Author(s): Detich N, Bovenzi V, Szyf M
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Abstract In this report, we demonstrate that valproic acid (VPA), a drug that has been used for decades in the treatment of epilepsy and as a mood stabilizer, triggers replication-independent active demethylation of DNA. Thus, this drug can potentially reverse DNA methylation patterns and erase stable methylation imprints on DNA in non-dividing cells. Recent discoveries support a role for VPA in the regulation of methylated genes; however, the mechanism has been unclear because it is difficult to dissociate active demethylation from the absence of DNA methylation during DNA synthesis. We therefore took advantage of an assay that measures active DNA demethylation independently from other DNA methylation and DNA replication activities in human embryonal kidney 293 cells. We show that VPA induces histone acetylation, DNA demethylation, and expression of an ectopically methylated CMV-GFP plasmid in a dose-dependent manner. In contrast, valpromide, an analogue of VPA that does not induce histone acetylation, does not induce demethylation or expression of CMV-GFP. Furthermore, we illustrate that methylated DNA-binding protein 2/DNA demethylase (MBD2/dMTase) participates in this reaction since antisense knockdown of MBD2/dMTase attenuates VPA-induced demethylation. Taken together, our data support a new mechanism of action for VPA as enhancing intracellular demethylase activity through its effects on histone acetylation and raises the possibility that DNA methylation is reversible independent of DNA replication by commonly prescribed drugs.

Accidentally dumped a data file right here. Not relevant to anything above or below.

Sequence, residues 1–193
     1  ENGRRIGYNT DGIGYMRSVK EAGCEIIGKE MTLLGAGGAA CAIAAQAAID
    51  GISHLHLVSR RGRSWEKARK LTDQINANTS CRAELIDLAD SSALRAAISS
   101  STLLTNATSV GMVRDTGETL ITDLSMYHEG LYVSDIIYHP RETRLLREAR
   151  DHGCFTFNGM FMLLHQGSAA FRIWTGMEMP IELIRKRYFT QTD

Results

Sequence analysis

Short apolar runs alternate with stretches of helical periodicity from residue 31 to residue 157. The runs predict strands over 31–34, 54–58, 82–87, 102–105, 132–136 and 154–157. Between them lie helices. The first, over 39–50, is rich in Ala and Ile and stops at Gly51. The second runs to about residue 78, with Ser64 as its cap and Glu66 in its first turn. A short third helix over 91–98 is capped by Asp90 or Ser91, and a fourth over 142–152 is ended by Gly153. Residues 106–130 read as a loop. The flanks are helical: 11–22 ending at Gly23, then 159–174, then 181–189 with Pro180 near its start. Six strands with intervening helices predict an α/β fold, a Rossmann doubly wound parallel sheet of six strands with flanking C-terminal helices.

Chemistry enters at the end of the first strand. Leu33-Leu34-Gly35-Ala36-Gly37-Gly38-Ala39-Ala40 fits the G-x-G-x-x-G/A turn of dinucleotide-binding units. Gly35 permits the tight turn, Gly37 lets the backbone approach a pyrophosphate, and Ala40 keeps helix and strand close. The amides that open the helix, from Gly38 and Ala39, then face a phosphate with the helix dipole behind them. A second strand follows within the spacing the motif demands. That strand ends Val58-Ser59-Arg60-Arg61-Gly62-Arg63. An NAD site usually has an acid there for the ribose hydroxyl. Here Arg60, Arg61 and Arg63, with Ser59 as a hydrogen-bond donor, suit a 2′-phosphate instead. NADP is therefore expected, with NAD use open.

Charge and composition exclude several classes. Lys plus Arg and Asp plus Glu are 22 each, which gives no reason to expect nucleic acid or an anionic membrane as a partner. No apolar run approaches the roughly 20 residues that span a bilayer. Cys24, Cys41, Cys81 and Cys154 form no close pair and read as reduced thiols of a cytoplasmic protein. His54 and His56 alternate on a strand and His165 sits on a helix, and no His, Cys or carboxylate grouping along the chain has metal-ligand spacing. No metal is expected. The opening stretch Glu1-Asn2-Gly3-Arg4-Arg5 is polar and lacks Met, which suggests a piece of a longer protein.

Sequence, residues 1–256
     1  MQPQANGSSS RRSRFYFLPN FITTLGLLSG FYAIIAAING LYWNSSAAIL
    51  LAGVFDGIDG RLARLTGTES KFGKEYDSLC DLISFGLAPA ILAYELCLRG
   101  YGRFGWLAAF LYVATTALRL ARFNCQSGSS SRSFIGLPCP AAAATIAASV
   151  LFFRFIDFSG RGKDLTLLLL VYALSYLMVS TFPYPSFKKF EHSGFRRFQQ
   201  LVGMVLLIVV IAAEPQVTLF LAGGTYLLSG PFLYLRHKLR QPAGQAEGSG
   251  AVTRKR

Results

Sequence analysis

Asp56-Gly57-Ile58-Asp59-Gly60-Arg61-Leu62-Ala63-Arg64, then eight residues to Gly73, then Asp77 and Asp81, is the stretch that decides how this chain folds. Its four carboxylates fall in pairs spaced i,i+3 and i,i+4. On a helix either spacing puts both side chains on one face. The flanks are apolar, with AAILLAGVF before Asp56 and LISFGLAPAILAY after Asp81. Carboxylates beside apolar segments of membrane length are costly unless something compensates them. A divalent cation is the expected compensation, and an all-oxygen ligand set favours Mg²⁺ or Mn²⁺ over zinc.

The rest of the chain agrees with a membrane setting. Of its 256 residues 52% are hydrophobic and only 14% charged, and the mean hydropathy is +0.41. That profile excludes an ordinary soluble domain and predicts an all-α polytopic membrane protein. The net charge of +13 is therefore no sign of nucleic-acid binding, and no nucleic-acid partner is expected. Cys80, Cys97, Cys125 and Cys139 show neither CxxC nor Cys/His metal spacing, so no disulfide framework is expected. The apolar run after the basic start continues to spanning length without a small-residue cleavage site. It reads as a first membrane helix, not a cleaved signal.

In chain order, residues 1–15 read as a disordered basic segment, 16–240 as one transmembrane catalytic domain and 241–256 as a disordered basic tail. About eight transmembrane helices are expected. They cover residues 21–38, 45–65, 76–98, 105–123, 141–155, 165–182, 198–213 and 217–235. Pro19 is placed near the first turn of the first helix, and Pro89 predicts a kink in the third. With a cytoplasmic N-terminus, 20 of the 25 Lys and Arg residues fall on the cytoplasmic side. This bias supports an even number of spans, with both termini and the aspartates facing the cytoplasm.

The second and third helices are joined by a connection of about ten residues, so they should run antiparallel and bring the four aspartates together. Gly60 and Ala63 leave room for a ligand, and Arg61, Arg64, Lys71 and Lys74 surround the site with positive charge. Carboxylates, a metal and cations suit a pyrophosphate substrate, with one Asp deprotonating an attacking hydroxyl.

This article was published in J Biol Chem
and referenced in Medicinal chemistry